Example 1

Forming of Glass Material

[0056] A flat disk-shaped glass material (83 mm in diameter, 6 mm in thickness) was positioned so as to be in a state as shown in FIG. 9 on a forming mold identical to that employed in the reference examples. The maximum curvature amount with the forming mold in the center (the arrows in FIG. 9) was 4.18 mm. The forming mold was introduced into the above-described continuous heating furnace and displaced according to the above 13-hour schedule, yielding a formed article of the glass material. In zone 2, rotation and opposite rotation at a 180.degree. angle of rotation to the right and left about an axis in the form of the geometric center of the forming mold were repeatedly conducted (at a rotational speed of 1 to 2 rpm). A suction pressure of -13.3 kPa was applied through a though-hole in the forming mold in zone 2.

Comparative Example 1

[0057] With the exception that no rotation was conducted, a glass material was formed by the same method as in Example 1 and a formed article was obtained.

[0058] Evaluation Results

[0059] The shape errors (measured value--designed value) of the upper surface shape of the formed articles formed in Example 1 and Comparative Example 1 relative to the designed values were measured with a Talysurf. FIG. 10 shows the values measured for the formed article obtained in Example 1, and FIG. 11 shows the values measured for the formed article obtained in Comparative Example 1.

[0060] As shown in FIG. 10, in Example 1, in which rotation was conducted in zone 2, the absolute value of the amount of error was kept low, and symmetry was maintained in the error distribution. This was attributed to the fact that since a large distribution in surface temperature was not produced in the glass material while in an advanced state of heat softening, homogenous heat softening could be achieved. With a mold having such good symmetry, even though there are certain errors relative to the designed values, it can be readily corrected to obtain a surface shape in conformity with designed values. Using this formed article as a casting mold to manufacture lenses by casting polymerization would then permit the manufacturing of lenses in accordance with designed values.

[0061] By contrast, in Comparative Example 1, in which no rotation was conducted in zone 2, the amount of change was displaced toward the front of the furnace, with little change to the rear of the furnace. The proportion of change also differed with respect to the right and left of the furnace and the direction of advance. The surface was found not to have undergone uniform change. This was attributed to displacement of the temperature distribution in the region where the greatest distortion occurred due to heat softening, with the region that reached the high temperature first undergoing the greatest deformation.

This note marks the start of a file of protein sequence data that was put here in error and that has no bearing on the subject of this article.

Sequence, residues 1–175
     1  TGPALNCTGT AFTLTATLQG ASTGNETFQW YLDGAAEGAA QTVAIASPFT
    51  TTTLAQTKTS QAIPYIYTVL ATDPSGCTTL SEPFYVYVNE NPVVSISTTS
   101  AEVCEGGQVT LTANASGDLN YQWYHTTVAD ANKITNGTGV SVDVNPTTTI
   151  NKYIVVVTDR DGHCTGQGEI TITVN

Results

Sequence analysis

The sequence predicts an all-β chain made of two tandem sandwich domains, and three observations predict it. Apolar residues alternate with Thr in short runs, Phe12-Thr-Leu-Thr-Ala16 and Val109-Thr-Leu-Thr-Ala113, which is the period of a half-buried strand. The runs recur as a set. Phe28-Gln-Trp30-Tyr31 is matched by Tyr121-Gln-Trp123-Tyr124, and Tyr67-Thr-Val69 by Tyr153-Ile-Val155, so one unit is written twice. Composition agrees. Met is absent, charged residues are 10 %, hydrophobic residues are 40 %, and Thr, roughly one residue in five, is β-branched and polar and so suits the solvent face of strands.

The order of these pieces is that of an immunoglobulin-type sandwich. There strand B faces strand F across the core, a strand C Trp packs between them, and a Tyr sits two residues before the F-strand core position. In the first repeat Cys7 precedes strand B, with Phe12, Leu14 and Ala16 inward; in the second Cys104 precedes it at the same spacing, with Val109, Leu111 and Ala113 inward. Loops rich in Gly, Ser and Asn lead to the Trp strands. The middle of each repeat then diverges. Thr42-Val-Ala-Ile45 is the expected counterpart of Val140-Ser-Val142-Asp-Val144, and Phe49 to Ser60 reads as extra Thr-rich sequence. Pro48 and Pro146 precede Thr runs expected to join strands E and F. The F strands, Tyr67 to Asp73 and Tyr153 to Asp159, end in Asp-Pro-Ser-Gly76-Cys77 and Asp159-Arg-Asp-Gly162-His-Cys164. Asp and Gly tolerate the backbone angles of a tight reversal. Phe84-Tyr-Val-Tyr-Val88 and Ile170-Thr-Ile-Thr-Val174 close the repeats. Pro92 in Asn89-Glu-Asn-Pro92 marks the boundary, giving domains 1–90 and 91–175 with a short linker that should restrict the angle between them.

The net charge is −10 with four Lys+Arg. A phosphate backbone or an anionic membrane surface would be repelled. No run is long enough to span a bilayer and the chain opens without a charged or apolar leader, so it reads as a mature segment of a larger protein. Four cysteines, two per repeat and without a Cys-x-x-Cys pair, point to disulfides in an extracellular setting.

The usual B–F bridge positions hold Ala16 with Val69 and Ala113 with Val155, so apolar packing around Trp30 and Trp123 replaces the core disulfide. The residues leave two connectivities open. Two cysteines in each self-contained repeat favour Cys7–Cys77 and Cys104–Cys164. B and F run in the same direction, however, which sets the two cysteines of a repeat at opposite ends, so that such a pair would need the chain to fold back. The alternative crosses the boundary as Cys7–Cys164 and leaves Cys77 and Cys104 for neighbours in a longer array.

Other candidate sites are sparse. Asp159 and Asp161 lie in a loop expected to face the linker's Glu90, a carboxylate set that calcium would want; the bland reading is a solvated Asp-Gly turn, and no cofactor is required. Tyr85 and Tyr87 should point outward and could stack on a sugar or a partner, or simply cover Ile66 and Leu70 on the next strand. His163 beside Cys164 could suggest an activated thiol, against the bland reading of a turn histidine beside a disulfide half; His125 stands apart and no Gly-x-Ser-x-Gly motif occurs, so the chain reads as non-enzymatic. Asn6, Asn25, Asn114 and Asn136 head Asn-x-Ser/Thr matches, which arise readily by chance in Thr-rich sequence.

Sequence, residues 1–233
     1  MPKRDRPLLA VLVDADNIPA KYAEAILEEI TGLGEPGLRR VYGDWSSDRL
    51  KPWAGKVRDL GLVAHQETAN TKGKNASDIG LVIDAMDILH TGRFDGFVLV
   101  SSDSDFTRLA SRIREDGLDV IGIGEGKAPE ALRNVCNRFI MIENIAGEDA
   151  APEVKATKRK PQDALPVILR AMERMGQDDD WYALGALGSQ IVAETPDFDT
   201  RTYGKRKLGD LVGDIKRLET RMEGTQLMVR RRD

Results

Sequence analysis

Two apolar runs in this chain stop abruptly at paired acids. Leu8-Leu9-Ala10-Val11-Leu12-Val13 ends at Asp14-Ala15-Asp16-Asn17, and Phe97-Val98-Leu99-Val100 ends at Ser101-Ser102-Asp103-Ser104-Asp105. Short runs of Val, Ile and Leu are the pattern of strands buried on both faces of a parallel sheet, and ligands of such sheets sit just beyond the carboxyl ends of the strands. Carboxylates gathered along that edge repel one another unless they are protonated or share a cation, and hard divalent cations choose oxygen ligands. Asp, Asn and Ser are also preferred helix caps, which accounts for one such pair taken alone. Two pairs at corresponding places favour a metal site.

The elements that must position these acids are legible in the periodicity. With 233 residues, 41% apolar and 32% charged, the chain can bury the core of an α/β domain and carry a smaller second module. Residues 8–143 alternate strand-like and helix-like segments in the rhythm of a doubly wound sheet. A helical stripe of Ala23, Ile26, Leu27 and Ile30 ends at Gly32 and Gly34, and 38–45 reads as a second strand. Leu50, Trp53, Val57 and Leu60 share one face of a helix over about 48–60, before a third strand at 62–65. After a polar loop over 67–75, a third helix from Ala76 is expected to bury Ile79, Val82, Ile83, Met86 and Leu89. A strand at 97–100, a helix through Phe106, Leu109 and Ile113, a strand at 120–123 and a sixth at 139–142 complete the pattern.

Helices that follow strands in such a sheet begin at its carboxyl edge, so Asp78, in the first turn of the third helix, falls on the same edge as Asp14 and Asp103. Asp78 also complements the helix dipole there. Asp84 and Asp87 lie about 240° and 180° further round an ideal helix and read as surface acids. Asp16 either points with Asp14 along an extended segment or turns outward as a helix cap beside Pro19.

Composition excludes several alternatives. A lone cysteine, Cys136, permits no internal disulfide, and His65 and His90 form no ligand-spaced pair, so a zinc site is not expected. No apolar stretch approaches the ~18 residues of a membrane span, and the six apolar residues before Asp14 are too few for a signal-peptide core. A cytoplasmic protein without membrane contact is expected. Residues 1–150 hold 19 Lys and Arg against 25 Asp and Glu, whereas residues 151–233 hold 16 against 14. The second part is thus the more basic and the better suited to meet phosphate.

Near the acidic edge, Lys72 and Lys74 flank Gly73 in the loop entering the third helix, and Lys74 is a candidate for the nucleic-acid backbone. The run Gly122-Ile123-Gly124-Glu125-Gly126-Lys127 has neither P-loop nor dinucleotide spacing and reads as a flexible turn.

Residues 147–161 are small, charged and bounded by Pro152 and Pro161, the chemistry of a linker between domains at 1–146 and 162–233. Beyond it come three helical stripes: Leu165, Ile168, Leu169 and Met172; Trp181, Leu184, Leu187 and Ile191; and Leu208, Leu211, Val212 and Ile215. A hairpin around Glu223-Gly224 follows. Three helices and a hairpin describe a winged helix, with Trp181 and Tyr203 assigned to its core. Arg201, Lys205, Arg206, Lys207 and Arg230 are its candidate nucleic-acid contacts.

[0062] The present invention permits the manufacturing of monofocal aspherical lenses with high productivity.

BRIEF DESCRIPTION OF DRAWINGS

[0063] [FIG. 1] FIG. 1 is a schematic drawing of the cross section of a center symmetric aspherical lens.

[0064] [FIG. 2] FIG. 2 is a descriptive drawing of the hot sag forming method.

[0065] [FIG. 3] FIG. 3 shows an example (sectional view) of glass that is essentially equal in thickness in the normal direction.

[0066] [FIG. 4] FIG. 4 is a schematic diagram of the continuous heating furnace employed in Examples.

[0067] [FIG. 5] FIG. 5 is a descriptive drawing of the heating schedule in Examples.

[0068] [FIG. 6] FIG. 6 shows the temperature measurement positions in a reference example and a comparative reference example.

[0069] [FIG. 7] FIG. 7 is a graph showing measurement results in the reference example.

[0070] [FIG. 8] FIG. 8 is a graph showing measurement results in the comparative reference example.

[0071] [FIG. 9] FIG. 9 is a descriptive drawing showing how the glass material was positioned in Example 1 and Comparative Example 1.

[0072] [FIG. 10] FIG. 10 is a graph showing shape errors relative to designed values on the upper surface of the formed article obtained in Example 1.

[0073] [FIG. 11] FIG. 11 is a graph showing shape errors relative to designed values on the upper surface of the formed article obtained in Comparative Example 1.